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This California artist is building giant nests across the country for humans


Jayson Fann has been building tiny and giant bird nests for as long as he can remember, whether it’s in his own bedroom or in his backyard. Now, some of his tallest and widest nests sit on top of coastal cliffs in Big Sur in California, overlooking the Pacific Ocean.

“It was something that was just intuitive,” Fann said.

He calls his giant nests – which now number around 50 across the country – Spirit Nest Creations.

Jayson Fann walks out of his nest at the arboretum at the University of California, Santa Cruz.

“When you’re a kid, it’s magical to find a nest," Fann said. "Intuitively I started to collect and sand and I took my closet doors off, emptied everything and turned the closet into a nest.”

Fann’s nests vary in size and can weigh as much as 100,000 pounds. Some look like a single giant nest and some are two-story buildings.

Last week, he was working on a nest about 10 feet wide by 14 feet tall at the arboretum at the University of California, Santa Cruz. The piece is pretty small compared to some of his other works.

Spirit Nest by Jayson Fann. Photo courtesy of Jayson Fann

“This nest [pictured above] took me about a month to build and a lot of that time is really gathering the wood,” Fann said. “As the nests have gotten taller and taller, and multiple stories and also the weight of the structure, it has to support itself and the different levels. So I’ve really learned a lot about engineering.”

Fann rarely breaks or bends tree branches in the nest building process. He said the fun part is looking for the natural patterns and piecing together the branches that weave well together.

“The other thing that's really unique about making the nests is that every single branch is different – every tree ends up being formed by the conditions that it’s growing in,” Fann said as he walked to a small forest of eucalyptus trees at the arboretum.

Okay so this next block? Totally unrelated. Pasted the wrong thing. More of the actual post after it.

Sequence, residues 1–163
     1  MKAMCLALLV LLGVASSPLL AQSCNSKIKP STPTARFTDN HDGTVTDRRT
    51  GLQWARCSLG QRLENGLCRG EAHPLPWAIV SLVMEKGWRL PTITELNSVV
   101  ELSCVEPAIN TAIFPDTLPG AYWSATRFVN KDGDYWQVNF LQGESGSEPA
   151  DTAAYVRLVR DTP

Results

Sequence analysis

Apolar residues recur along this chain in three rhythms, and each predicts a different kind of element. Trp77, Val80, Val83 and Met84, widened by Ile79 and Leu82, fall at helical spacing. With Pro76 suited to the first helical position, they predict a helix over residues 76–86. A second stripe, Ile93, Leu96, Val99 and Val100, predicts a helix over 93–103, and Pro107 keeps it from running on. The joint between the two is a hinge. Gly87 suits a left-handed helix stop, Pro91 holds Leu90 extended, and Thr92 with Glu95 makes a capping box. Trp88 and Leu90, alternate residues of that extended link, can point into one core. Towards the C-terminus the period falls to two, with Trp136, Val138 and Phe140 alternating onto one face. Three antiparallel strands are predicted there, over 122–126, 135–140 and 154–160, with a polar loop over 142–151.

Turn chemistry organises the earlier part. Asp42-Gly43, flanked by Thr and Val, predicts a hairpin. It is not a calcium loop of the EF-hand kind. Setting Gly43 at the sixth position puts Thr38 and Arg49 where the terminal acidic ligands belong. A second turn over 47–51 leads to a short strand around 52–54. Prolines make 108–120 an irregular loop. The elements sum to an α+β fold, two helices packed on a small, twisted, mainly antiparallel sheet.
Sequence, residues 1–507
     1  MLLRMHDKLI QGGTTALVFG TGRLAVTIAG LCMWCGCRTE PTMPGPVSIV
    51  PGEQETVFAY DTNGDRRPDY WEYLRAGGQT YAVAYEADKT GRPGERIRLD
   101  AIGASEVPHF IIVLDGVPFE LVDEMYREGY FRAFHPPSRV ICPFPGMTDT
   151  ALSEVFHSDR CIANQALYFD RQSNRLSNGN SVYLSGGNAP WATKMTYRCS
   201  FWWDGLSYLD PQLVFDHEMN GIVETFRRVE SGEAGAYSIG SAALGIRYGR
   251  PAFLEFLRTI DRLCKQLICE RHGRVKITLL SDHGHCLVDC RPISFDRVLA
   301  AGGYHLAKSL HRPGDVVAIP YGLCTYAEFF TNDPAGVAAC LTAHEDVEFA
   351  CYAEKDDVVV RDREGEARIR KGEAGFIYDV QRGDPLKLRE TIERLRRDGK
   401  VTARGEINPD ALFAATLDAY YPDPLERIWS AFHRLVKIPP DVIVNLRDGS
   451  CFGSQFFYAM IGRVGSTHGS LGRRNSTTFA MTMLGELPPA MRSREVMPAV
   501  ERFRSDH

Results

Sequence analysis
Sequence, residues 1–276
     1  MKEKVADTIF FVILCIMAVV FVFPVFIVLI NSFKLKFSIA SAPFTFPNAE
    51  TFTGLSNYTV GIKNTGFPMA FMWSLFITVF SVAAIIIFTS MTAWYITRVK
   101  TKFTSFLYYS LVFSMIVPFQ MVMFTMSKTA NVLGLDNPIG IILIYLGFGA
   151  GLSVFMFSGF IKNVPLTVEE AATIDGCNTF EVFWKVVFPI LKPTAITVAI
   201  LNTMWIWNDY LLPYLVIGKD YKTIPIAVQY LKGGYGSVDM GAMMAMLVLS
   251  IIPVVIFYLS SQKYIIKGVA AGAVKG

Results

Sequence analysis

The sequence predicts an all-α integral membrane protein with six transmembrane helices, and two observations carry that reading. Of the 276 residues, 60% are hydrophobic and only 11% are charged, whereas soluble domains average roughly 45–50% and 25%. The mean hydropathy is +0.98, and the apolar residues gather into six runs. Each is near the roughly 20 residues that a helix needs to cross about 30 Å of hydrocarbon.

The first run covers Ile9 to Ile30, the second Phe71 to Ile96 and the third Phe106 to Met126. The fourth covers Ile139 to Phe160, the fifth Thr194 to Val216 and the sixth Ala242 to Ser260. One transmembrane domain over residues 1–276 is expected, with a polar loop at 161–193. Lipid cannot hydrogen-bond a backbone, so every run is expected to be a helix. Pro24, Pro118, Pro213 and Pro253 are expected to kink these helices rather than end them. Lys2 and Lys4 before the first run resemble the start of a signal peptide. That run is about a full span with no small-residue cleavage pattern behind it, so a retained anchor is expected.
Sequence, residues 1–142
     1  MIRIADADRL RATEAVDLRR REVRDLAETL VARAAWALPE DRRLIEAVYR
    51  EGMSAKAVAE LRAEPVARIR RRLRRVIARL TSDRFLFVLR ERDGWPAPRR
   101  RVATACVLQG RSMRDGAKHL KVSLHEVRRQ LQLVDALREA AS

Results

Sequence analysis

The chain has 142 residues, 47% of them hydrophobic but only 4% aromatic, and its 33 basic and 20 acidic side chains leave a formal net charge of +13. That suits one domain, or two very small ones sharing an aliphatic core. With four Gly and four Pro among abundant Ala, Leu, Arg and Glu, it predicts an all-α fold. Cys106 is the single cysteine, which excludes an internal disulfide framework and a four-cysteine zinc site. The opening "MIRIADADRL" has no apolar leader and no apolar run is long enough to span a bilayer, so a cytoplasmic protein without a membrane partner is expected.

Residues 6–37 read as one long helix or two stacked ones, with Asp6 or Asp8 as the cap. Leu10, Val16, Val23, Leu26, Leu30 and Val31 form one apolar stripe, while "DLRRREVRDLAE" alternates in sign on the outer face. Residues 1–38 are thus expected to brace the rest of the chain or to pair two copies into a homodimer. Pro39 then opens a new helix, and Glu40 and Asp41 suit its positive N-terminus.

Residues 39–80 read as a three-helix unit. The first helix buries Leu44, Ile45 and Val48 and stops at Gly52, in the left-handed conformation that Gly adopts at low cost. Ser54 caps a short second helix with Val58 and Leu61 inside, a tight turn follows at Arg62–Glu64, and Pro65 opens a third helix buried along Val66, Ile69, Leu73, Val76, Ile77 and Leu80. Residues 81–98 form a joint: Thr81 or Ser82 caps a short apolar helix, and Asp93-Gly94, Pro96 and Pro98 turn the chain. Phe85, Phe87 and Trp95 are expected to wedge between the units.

The arboretum in Santa Cruz has various types of eucalyptus trees, which are strong, durable and flexible when green. When some trees fell down because of a mudslide and heavy rain in the winter of 2016, Fann decided to make use of the fallen twigs and tree parts by building a nest. He recruited the help of about 500 first- and second-graders from an elementary school in East Salinas, California, where he teaches art and music.

Jayson Fann examines a fallen eucalyptus tree at the arboretum in Santa Cruz.

“Nature is the place that I feel the most grounded and peaceful – and I love offering that experience to other people," Fann said. "And in particular kids – this reconnects the kids into something that’s very organic.”

When Fann is not building nests, he’s busy with teaching music, dance, performing arts, and set design at schools and private studios around Big Sur and Monterey, California. He often tries to combine his work in art education by involving students in building the nests he gets commissioned to build by schools and arboretums.

“The nests became a way for me to actually generate an income and a currency to be able to produce and do the productions that I do,” he said.

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